Thursday, May 09, 2013
On page one of its April 26, 1954 edition, The New York Times proclaimed that the first silicon solar cell, recently built by Bell Laboratories, was “the beginning of a new era, leading eventually to the realization of one of mankind’s most cherished dreams – the harnessing of the almost limitless energy of the sun for the uses of civilization.”
Now nearly 60 years later, as high voltage power lines are poised to go through some of the most beautiful natural areas of Northwest Arkansas, some wonder if the potential of solar isn’t long overdue.
According to spokesman, Peter Main, SWEPCO currently uses wind, but no solar generated electricity. Main said, “When we seek bids for renewable energy, we include wind, solar and other renewable resources. The most cost-effective resources for our customers have been wind farms in Oklahoma, Kansas and Texas. SWEPCO currently purchases 469 megawatts of wind energy under multiple long-term power purchase agreements.”
The Associated Electric Cooperative, Inc., which provides electricity to Carroll Electric, also uses some wind power but does not use solar although their website says, “In early 2009, the department purchased solar panels as part of a pilot program to test small-scale solar power systems to determine if AECI might add them to their product offerings.”
According to Main, “Energy from solar farms would be transmitted over high voltage transmission lines,” thus not reducing their need.
Antelope Valley Solar Projects in California, one of the largest planned solar projects in the U.S, and projected to go online in 2015, will provide 579 megawatts of energy, enough to power approximately 400,000 homes and offset the emissions equivalent of three million cars over 20 years. The Sierra Club endorses the project partially because panels are located near existing transmission lines, including a major substation, thus making it unnecessary to build new high-voltage power lines through undisturbed land.
However, when solar panels are installed by a business or institution, the power is being generated where it’s needed, and this type of solar installation is rapidly increasing due to decreasing costs of the materials.
According to a report by the National Solar Energy Industries Association, between the second quarter of 2011 and the second quarter of 2012, the average price of a completed commercial photovoltaic solar system fell by nearly 14 percent, and “The economics of PV have become so attractive that many of the best managed corporations, which are synonymous with low cost and efficiency, are adopting solar energy on a massive scale across the U.S.”
The SEIA further reports that during the first half of 2012, non-residential PV systems came online an average of one every 72 minutes, and businesses as well as other large energy consumers like non‐profits, schools and public agencies, are expected to add enough PV systems over the next five years “to replace seven retiring coal power plants.”
In regard to Arkansas being capable of benefiting from solar power, Joe Thomas, president and CEO of MAGE Solar USA, at a March 12 panel on solar energy opportunities in Little Rock, said if cloudy and cold Germany can lead the world in solar power use, then Arkansas “can do just as well in capturing sunlight and turning it into electricity or heat.”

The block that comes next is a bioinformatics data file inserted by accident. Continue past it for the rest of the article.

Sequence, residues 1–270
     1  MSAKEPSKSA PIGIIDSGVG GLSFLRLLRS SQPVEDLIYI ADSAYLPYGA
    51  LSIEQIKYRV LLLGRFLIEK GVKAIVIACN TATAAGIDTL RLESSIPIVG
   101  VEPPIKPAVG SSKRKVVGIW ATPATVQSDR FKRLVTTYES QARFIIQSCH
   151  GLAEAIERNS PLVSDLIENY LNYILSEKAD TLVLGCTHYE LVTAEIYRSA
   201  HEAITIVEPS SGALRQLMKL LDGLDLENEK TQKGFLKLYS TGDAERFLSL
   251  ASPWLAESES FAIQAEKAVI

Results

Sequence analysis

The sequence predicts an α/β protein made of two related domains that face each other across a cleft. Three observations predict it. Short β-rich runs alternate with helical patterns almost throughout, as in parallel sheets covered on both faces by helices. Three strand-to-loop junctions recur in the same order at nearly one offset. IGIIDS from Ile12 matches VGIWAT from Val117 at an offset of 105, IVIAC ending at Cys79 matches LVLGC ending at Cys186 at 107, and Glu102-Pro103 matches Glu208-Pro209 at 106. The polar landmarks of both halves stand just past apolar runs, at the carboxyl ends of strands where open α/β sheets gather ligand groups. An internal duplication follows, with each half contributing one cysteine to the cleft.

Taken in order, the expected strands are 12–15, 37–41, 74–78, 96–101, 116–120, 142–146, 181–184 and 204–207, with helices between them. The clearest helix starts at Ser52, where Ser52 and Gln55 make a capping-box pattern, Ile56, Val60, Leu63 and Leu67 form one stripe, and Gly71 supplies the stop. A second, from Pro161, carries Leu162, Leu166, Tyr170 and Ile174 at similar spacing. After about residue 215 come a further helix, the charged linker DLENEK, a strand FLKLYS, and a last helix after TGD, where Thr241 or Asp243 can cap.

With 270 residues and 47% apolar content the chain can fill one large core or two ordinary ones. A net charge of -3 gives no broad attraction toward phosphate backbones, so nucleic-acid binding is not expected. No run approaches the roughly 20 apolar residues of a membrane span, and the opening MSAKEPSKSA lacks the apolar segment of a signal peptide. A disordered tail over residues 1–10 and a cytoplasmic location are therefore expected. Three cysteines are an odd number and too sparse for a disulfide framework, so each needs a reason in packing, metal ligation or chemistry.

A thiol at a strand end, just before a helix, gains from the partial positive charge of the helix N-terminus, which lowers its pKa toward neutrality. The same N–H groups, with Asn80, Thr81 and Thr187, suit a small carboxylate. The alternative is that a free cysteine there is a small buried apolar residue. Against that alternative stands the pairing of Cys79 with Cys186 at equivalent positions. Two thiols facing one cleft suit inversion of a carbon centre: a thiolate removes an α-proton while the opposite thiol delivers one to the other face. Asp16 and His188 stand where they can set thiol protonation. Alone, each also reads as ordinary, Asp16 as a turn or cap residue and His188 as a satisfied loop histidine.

In “Optimal Deployment of Solar Index,” a study published by The Electricity Journal, Arkansas ranked 7th in “states that would benefit from solar deployment solely for purposes of self-sufficiency.” Arkansas’s rank was sixth for “states that would benefit from solar deployment through generating and exporting energy to other states.” The report also says that for states to maximize benefits from solar generation, they will “need to figure out how to successfully export significant quantities to other states, which may require investing in infrastructure.”
According to the Natural Resources Defense Council, Arkansas “remains in the small minority of states without a renewable portfolio standard, which would drive investment in… renewable energy development by requiring utilities to generate or purchase an increasing portion of their electricity from renewable sources.”
According to Main, SWEPCO is able to take advantage of a federal Production Tax Credit (PTC) that provides wind project owners an income tax credit for production of electricity from utility-scale wind turbines. This program is not available for solar.
Ted Terry, field coordinator at Georgia Solar Utility Incorporated, said the reason solar hasn’t taken off more with energy utilities is in part because Americans are still in the process of shifting the way we think about solar. He said 25 percent of Americans believe solar works and that’s “nearing the tipping point where people will start to demand it and utilities will respond.”
Meanwhile the Federal Department of Energy launched the SunShot Initiative in 2011, which is “a collaborative national initiative to make solar energy cost competitive with other forms of energy by the end of the decade. Reducing the installed cost of solar energy systems by about 75 percent will drive widespread, large-scale adoption of this renewable energy technology and restore U.S. leadership in the global clean energy race.”
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